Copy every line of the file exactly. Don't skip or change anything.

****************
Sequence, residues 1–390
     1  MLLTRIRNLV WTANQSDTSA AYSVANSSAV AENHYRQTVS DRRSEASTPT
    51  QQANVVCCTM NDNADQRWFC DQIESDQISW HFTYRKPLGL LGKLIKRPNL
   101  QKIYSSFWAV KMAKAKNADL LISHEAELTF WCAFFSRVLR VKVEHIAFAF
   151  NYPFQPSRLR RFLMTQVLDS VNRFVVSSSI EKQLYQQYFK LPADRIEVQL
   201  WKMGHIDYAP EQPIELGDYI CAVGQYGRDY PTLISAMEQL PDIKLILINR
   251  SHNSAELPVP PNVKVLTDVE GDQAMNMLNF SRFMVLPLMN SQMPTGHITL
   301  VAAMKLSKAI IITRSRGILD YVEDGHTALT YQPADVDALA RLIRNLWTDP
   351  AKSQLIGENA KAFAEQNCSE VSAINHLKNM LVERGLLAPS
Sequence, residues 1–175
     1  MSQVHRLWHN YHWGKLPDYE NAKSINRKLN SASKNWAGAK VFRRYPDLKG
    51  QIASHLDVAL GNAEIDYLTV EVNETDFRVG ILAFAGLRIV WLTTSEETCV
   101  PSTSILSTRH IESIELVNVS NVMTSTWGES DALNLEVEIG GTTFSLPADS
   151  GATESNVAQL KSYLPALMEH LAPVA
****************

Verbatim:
Sequence, residues 1–390
     1  MLLTRIRNLV WTANQSDTSA AYSVANSSAV AENHYRQTVS DRRSEASTPT
    51  QQANVVCCTM NDNADQRWFC DQIESDQISW HFTYRKPLGL LGKLIKRPNL
   101  QKIYSSFWAV KMAKAKNADL LISHEAELTF WCAFFSRVLR VKVEHIAFAF
   151  NYPFQPSRLR RFLMTQVLDS VNRFVVSSSI EKQLYQQYFK LPADRIEVQL
   201  WKMGHIDYAP EQPIELGDYI CAVGQYGRDY PTLISAMEQL PDIKLILINR
   251  SHNSAELPVP PNVKVLTDVE GDQAMNMLNF SRFMVLPLMN SQMPTGHITL
   301  VAAMKLSKAI IITRSRGILD YVEDGHTALT YQPADVDALA RLIRNLWTDP
   351  AKSQLIGENA KAFAEQNCSE VSAINHLKNM LVERGLLAPS
Sequence, residues 1–175
     1  MSQVHRLWHN YHWGKLPDYE NAKSINRKLN SASKNWAGAK VFRRYPDLKG
    51  QIASHLDVAL GNAEIDYLTV EVNETDFRVG ILAFAGLRIV WLTTSEETCV
   101  PSTSILSTRH IESIELVNVS NVMTSTWGES DALNLEVEIG GTTFSLPADS
   151  GATESNVAQL KSYLPALMEH LAPVA